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Old 23rd May 2012, 10:18   #961
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My wait is about to be over too- I should be getting my black C3 by the end of next month.

The guys at RE were kind enough to loan me a Classic 500 for the last weekend. That was the same bike which I had test ridden two years ago and also my first ever ride on a geared mottorcycle.

She was in a terrible shape as she had participated in a Great Ride event the week before. There were numerous scratches, dents, one pilot light wasn't working, the taillight was dead and so was the speedometer. The gears weren't really smooth and I encountered plenty of false neutrals. Still, she could deliver the goods when the hammer was dropped.

Amazing performance from a bike in such a poor conditon! I think that the C5 is one of the fastest rides in India today- only the CBR250R, Duke 200, Ninja 250 may outgun the C5 (and all of them are pretty rare here)

More than the speed, it's the torque- it just comes at you in an unrelenting wave. It's addictive and habit forming. I got sore wrists and elbows due to being constantly thrown back in the seat by the torque. So did my brother, who is considerably lighter than I am.

This was a first generation C5 and I think that may explain why the power delivery was quite jerky at times. It was as if the engine was missing a beat at times and that there was a hole in the throttle response like a badly tuned carburetted engine. Also, the bike was pulling to the left side at high speeds along with a sharp spike in the vibe levels. These issues have been sorted out in the new Classics, right?

The rear brakes were strictly average for a bike of this size- disks at the rear would have been more appropriate. The front disks were powerful, but they have too much bite. One gets used to them pretty fast however.

Strangely, I found the much criticized spring loaded seat quite comfortable. But that could be because my rides weren't too long or maybe because I'm a pretty big guy.

Ladt
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Old 23rd May 2012, 10:58   #962
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Last but not the least the sales Rep had told me that the fuel economy for the c5 was 25 kmpl. I am not too sure about that. Unfortunately I had no means of measuring that either as the speedometer and odometer was dead. Do the new C5 s give better mileage?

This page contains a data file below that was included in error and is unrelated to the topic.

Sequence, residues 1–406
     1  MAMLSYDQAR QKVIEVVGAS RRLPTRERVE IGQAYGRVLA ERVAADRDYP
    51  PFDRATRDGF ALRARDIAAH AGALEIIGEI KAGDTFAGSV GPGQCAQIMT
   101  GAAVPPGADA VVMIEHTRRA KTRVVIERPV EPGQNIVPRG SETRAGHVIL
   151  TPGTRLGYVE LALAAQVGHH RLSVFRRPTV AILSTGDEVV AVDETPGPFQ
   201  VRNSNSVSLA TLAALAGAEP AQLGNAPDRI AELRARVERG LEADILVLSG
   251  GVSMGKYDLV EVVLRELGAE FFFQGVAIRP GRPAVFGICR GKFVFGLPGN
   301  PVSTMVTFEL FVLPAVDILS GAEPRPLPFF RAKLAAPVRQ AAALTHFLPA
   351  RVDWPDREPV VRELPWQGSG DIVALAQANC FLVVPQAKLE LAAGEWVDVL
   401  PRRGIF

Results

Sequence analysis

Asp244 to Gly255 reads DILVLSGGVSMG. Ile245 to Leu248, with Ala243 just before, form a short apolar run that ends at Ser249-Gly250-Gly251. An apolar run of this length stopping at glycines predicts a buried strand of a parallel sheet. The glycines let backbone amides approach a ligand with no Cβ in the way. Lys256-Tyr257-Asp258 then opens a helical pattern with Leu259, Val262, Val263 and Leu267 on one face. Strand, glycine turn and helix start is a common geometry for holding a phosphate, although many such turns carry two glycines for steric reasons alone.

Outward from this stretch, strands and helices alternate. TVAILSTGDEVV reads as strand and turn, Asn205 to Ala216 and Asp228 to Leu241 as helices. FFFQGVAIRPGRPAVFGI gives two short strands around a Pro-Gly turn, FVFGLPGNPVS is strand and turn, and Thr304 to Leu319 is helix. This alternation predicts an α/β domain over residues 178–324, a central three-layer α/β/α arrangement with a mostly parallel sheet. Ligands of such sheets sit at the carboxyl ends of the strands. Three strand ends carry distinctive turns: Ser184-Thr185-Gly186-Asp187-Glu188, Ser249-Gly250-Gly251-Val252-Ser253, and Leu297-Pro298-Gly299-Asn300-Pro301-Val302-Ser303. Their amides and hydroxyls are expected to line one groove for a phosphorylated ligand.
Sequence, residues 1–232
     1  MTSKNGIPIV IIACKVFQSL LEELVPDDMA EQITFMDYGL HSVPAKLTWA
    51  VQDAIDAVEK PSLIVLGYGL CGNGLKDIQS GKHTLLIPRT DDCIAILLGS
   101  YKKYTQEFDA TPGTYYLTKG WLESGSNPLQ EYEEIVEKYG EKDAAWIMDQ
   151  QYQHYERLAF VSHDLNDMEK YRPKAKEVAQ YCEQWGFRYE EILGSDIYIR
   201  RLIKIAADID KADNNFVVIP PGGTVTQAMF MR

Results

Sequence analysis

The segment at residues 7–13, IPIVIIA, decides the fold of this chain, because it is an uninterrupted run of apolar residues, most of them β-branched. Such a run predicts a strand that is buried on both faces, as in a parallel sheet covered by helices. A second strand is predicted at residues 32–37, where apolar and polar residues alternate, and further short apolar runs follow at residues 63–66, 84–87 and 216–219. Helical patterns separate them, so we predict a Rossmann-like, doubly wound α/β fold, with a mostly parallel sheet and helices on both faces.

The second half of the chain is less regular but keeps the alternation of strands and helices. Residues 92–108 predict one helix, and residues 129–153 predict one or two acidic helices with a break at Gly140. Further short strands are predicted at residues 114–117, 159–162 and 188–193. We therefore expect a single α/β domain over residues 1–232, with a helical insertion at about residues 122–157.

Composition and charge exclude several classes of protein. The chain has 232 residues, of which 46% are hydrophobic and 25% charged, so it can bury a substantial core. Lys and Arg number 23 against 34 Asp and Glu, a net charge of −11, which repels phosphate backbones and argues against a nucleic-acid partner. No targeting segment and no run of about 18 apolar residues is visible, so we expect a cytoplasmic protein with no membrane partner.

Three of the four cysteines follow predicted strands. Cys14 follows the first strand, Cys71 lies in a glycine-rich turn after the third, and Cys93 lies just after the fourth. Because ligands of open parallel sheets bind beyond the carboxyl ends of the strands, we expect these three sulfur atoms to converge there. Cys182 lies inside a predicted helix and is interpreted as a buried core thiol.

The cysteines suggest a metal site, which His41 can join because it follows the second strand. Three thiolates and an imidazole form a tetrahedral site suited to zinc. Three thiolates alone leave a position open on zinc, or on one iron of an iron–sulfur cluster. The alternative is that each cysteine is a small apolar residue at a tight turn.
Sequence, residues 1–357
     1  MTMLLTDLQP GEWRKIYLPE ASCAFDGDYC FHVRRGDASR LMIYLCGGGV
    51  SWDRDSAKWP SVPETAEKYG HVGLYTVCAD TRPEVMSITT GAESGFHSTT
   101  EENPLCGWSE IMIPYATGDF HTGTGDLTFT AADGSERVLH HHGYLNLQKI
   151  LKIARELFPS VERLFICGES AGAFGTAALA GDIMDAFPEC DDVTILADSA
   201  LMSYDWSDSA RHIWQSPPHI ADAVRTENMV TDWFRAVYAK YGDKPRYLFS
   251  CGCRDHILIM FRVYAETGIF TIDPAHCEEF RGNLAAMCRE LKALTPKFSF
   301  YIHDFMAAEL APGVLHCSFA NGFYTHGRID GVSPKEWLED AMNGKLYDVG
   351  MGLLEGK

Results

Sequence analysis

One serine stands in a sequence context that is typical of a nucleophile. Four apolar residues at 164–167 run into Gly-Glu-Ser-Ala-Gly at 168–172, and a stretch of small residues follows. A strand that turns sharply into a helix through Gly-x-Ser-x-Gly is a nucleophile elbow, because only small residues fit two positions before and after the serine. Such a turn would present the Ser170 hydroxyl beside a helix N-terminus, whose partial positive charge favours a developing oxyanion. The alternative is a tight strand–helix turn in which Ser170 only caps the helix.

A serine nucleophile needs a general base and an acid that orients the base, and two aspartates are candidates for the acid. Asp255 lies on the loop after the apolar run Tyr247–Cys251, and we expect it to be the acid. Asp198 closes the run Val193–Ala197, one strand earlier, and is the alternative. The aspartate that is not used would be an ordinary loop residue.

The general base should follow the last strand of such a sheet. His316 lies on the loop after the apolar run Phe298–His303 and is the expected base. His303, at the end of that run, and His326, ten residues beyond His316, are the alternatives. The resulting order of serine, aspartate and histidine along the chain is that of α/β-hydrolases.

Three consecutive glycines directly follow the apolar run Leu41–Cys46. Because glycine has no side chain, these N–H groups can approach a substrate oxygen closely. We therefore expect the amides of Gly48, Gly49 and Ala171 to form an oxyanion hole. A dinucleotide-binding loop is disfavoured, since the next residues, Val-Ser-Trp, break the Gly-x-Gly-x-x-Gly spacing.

The C5 is a brutal machine that is full of fun. It appeals to me but I doubt whether I would be responsible with that much power at my fingertips, especially on a motorcycle. Power corrupts, as the adage goes. The lower fuel efficiency is also a turnoff. 35 kmpl I could have lived with, but 25 kmpl? That's close to what my City gives (22 kmpl on highways). No way- my wallet would be busted in weeks if I were to start using the C5 for my office commute.
Another major turnoff had been the laundry list of problems the 500 has as mentioned in Randhawa's thread. The c3 seems much more reliable in that aspect.

I hope that I won't miss the C5 too much when I ride the C3. Only one way to find out- time to get a C3 for another weekend! If the C3 isn't too much of a.compromise, I'll go ahead with it.
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Old 23rd May 2012, 14:25   #963
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Default Re: RE Classic 350 - Initial ownership

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Originally Posted by evilmessiah View Post
Last but not the least the sales Rep had told me that the fuel economy for the c5 was 25 kmpl. I am not too sure about that. Unfortunately I had no means of measuring that either as the speedometer and odometer was dead. Do the new C5 s give better mileage?

I hope that I won't miss the C5 too much when I ride the C3. Only one way to find out- time to get a C3 for another weekend! If the C3 isn't too much of a.compromise, I'll go ahead with it.
I used to get a mileage of 27-28kmpl with City (Mumbai). Used to be first out of every signal. So Someone who drives more sedately might get better mileage but do not expect more than 30-31. Highways you do get 35kmpl. Tankful to tankful method.
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Old 26th May 2012, 13:39   #964
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Default Re: RE Classic 350 - Initial ownership

Hi everyone, I have clocked 6700 kms in my Standard UCE and is currently in the process of stretching my top speed up little by little. Last day I rolled the throttle to touch 80 kph for 1/2 a minute and rolled back to 50kph and a minute later had to stop at a signal (This was the second time I am touching 80 kph- I mostly ride in city traffic at speeds 50-60kph and rarely get the chance to go WOT) and during the deceleration to a stop, I felt the engine juddering a bit / somewhat more shaky. Is it due to the heat build up due to touching up a never attempted rpm and coasting to a stop before the engine returned to normal temp? After riding some more the shake was gone. Any idea what it could be ?